Late spring wildflowers paint sagebrush country with vibrant color.
© Nancy Patterson/BLM
During his confirmation hearings, then-Congressman Ryan Zinke harkened back to one of America’s pre-eminent conservation champions Theodore Roosevelt, as a model for his prospective tenure as interior secretary. Zinke called himself an “unapologetic admirer” of Roosevelt and said the 26th U.S. president was correct to put Western lands under federal protection.
Roosevelt understood that public lands are foundational to the American experience and was almost singularly responsible for building this legacy. Now, it is Secretary Zinke’s job to ensure proper stewardship of public lands for future generations.
Much of that land—more than 247 million acres—is overseen by the Bureau of Land Management (BLM), which faces the complex task of balancing demands from seemingly diametrically opposed interests. For example, BLM works to ensure that oil, gas, and mineral development can proceed without adversely affecting clean water, wildlife habitat, and recreation in the same areas. Public dialogue over public lands too often paints a stark, conflict-ridden picture of such challenges. Secretary Zinke could improve the public lands discourse—and Americans’ understanding of the issues—by cutting through the sloganeering, understanding the nuance, and honoring the common ground among various users.
The BLM, which was established as part of the Interior Department in 1946, was characterized in its early years as the “Bureau of Livestock and Mining” because the agency rarely considered conservation in its land management decisions. Following passage of the Federal Land Policy and Management Act (FLPMA) in 1976, the agency began evolving to require that public lands support multiple uses and sustained yields, and that activity in those areas avoids unnecessary and undue degradation. Yet it was not until two decades later that conservation on BLM lands became an integral part of the agency’s mission with the creation of the National Conservation Lands—32 million acres of the most ecologically rich and culturally significant areas under BLM oversight.
Today, 14 percent of BLM lands are protected in the National Conservation Lands system, which is roughly equivalent to the amount of land used for oil and gas development. In addition, more than 40,000 active mineral development leases now exist across 27 million acres of BLM land. This underscores that not all of the multiple uses need to occur on every one of the 247 million acres of BLM’s public domain. Indeed, when our public lands are managed in this way, we can enjoy them for recreation, conservation, and development, now and in the future.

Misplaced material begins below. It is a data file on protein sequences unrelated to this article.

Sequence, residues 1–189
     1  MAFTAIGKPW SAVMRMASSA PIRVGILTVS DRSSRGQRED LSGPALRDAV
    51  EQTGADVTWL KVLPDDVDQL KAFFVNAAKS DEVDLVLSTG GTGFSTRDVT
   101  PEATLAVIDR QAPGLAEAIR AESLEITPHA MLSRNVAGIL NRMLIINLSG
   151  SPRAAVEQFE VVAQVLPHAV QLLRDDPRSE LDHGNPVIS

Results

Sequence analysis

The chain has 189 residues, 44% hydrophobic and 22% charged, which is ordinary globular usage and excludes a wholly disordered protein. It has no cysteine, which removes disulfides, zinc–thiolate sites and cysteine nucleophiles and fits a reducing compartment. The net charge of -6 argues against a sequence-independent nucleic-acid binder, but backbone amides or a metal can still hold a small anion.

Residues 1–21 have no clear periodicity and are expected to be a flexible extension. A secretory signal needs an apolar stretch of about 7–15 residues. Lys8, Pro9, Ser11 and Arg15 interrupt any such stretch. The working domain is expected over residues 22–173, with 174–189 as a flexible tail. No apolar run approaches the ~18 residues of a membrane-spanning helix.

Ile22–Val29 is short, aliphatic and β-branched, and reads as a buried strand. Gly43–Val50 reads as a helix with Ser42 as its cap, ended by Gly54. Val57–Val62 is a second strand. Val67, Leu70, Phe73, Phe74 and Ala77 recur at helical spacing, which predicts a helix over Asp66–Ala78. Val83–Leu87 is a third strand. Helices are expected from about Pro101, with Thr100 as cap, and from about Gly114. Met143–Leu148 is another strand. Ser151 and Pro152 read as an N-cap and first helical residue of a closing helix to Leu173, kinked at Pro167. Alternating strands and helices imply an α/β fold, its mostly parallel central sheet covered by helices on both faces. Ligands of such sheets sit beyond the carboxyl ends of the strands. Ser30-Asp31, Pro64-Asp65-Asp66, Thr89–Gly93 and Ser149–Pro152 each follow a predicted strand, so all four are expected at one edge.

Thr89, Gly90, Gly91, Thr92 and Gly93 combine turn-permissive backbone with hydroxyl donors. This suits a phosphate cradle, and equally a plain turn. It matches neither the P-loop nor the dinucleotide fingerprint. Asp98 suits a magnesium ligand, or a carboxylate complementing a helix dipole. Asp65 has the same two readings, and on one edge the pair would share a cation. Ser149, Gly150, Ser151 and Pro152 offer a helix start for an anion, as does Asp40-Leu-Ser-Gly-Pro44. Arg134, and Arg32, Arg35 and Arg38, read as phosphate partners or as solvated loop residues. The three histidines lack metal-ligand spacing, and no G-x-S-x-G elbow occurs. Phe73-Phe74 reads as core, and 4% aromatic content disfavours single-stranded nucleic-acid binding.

Secretary Zinke could apply this balanced approach by implementing the sage-grouse management plans across the intermountain West’s sage-steppe—an area stretching from southeastern Washington to northwestern New Mexico. There, about three-quarters of the developable land for energy projects (oil, gas, coal, wind, and solar) lies outside core habitat areas for the sage-grouse, a “marker species” whose fate closely tracks with that of the greater ecosystem. That means Secretary Zinke could help to ensure a viable energy economy while also conserving important wildlife habitat and open spaces that sustain a billion-dollar recreation economy for local communities.
Since 2011, 26 national monuments—areas with outstanding archaeological and biological resources, as well as important historical sites—have been designated. Many of these monuments were created on BLM-managed public lands, leading some to call the agency the “Bureau of Landscapes and Monuments.” But what is often overlooked is that, during the same timeframe, BLM issued almost 14,000 oil and gas leases across more than 13 million acres of public lands, which is more than three times the 4.2 million acres designated as national monuments on BLM lands.
Secretary Zinke has a tough job that requires deep analysis, deliberate thought, and careful decision-making. By using the planning authority he has under FLPMA to engage all stakeholders in land management decisions, he can stay true to Roosevelt’s vision of an American West that serves all citizens.